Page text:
Sometimes, when you visit a place you've been wanting to see for a long time, the reality doesn't quite live up to expectation.  With the Dolomites I'd say the opposite was true.  This is a truly beautiful and awe inspiring place and as we left, my parting thought was "why has it taken me so long to come here?"

Sunday, 23 October 2016

Sunrise at Fleet Pond

On a freezing cold day back in January, I had an appointment at the dentist to have a filling replaced.  Knowing how quickly the station car park fills up, I drove up early and parked my car then found myself with half an hour to kill before I went for my appointment.  Those of you who know Fleet will be aware that the station is right next to Fleet Pond, a nature reserve that has featured previously in this blog.  It was an icy day and the pond was completely frozen over so I decided to spend my time watching the sun rise.  It was a beautiful morning which was inevitably going to end up in a painting one day.  It took a couple of months for me to come back to it.  This is often the case as I mull the picture over in my head, trying to work out what I want from the end result.  In this case it was the blues and pinks of the sky that stayed in my mind so that's what I set out to capture. I used a watercolour under-painting, followed by pastels - a technique you'll have seen me use once or twice before.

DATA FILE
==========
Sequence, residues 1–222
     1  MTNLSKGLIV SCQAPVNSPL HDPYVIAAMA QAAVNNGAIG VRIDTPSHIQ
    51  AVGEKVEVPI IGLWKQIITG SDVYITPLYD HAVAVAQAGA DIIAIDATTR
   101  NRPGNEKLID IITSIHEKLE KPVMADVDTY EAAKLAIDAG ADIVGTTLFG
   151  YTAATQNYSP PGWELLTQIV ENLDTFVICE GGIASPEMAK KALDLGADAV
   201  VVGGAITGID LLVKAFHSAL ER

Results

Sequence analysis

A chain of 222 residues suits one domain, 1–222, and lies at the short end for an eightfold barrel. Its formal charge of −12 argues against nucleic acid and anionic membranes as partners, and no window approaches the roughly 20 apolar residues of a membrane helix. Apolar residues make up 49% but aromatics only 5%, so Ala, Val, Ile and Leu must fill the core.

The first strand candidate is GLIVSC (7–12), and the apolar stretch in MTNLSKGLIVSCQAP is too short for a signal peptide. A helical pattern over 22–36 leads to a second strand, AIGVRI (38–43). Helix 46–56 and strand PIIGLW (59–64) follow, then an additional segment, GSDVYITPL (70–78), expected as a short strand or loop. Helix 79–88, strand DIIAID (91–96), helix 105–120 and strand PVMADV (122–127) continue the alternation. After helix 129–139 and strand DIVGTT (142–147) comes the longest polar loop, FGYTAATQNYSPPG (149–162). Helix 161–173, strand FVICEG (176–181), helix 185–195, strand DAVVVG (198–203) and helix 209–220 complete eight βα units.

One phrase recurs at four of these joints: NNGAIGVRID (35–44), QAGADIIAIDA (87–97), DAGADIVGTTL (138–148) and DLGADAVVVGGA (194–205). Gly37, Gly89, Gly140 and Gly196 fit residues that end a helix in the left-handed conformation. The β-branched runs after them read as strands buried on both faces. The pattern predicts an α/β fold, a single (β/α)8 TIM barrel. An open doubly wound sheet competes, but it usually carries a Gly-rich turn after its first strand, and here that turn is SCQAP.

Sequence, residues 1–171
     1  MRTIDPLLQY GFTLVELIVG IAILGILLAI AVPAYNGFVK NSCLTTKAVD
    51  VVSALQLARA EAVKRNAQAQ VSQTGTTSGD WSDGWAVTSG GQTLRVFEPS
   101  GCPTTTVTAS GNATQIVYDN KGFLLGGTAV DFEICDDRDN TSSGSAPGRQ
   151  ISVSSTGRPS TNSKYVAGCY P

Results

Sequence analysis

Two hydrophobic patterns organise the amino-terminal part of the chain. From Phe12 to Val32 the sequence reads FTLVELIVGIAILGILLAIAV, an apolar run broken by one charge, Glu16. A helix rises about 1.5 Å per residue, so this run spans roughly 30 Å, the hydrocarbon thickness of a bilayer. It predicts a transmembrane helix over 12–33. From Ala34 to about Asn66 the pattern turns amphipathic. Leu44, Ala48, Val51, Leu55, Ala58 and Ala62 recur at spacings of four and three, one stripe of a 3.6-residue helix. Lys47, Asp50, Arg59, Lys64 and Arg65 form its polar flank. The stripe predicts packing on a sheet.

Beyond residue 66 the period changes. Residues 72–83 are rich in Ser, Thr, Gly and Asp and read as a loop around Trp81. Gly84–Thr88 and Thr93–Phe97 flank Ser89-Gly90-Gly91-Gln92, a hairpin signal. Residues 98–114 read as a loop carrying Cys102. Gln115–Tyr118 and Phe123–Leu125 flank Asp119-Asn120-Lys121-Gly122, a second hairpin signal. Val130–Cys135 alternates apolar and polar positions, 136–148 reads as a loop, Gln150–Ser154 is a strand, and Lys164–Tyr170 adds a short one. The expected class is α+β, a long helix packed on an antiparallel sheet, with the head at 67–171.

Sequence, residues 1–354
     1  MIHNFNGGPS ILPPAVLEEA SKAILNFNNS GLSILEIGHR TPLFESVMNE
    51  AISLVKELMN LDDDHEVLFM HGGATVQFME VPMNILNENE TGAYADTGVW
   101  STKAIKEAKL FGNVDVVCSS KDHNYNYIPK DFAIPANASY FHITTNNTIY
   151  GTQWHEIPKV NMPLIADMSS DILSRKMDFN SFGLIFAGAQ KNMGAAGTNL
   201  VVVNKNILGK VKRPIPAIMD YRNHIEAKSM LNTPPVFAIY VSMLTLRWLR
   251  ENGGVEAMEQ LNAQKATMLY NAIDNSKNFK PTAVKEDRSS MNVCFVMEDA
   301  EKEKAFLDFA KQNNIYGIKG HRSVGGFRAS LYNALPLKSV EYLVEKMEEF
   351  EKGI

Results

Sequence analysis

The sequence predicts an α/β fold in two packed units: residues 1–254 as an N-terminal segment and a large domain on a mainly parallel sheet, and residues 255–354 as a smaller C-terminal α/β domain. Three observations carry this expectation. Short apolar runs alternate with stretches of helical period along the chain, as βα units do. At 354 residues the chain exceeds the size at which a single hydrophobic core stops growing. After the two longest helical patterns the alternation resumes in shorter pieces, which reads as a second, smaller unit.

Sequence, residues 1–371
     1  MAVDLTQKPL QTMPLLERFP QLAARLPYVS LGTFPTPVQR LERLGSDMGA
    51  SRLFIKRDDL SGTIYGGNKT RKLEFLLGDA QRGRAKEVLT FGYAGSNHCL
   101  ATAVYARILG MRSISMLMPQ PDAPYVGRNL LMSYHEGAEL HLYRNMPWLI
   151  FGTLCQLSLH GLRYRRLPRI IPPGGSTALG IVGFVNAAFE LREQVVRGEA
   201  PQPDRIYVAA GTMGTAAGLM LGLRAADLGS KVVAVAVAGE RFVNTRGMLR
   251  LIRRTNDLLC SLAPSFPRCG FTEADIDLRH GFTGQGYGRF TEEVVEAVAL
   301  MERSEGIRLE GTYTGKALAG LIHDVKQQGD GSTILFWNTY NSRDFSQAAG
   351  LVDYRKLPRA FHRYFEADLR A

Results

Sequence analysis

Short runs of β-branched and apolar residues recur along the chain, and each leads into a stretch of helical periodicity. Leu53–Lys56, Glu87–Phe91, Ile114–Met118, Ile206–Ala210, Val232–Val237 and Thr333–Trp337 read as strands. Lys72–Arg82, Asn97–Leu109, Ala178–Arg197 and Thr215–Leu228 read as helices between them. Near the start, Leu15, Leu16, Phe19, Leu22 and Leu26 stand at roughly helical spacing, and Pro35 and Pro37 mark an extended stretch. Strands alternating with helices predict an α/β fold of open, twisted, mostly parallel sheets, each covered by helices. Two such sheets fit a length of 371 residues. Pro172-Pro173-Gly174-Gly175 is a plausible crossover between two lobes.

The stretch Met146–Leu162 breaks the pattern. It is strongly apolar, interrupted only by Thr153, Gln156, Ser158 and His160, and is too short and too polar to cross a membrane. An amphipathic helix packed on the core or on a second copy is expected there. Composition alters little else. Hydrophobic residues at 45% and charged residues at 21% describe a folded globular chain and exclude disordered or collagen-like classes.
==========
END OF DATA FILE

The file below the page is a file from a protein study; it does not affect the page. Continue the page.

Having finished this picture, I took a bit of a break from painting over the summer, I focusing instead on landscaping the garden. Those of you who also paint will know that after a break, it's sometimes hard to get back into things and when I returned to my easel I was at a bit of a loss as to where to begin.  I've stopped parking my car at the station now (the cost is ridiculous) and instead use my parents' driveway which is a 10 minute walk away round, you guessed it, Fleet Pond.  So now I get these fabulous sunrises every single day of the week.  It seemed an obvious place to start - pick up again where I left off.  The next few paintings ended up in the bin.  I couldn't seem to get what was in my head out onto the paper and I screwed them up in frustration.  This afternoon I decided to just spend some time playing around with a few sketches which was exactly what I needed to do.  This is one of them - another sunrise using Pan Pastels.  Pan Pastels are pastel pigment compressed into a dish and you apply them using either your fingers or sponges.  I opted for sponges this time, something I haven't really tried before but will definitely be doing again.  I stopped myself from adding too much detail on the reed banks, choosing instead to just hint at them with the green.  I love the end product and as it was supposed to just be an experiment it has come as a bit of a surprise.  Now I'm left wondering what I can do next with these lovely little pots of colour but for now I'll leave you with today's efforts.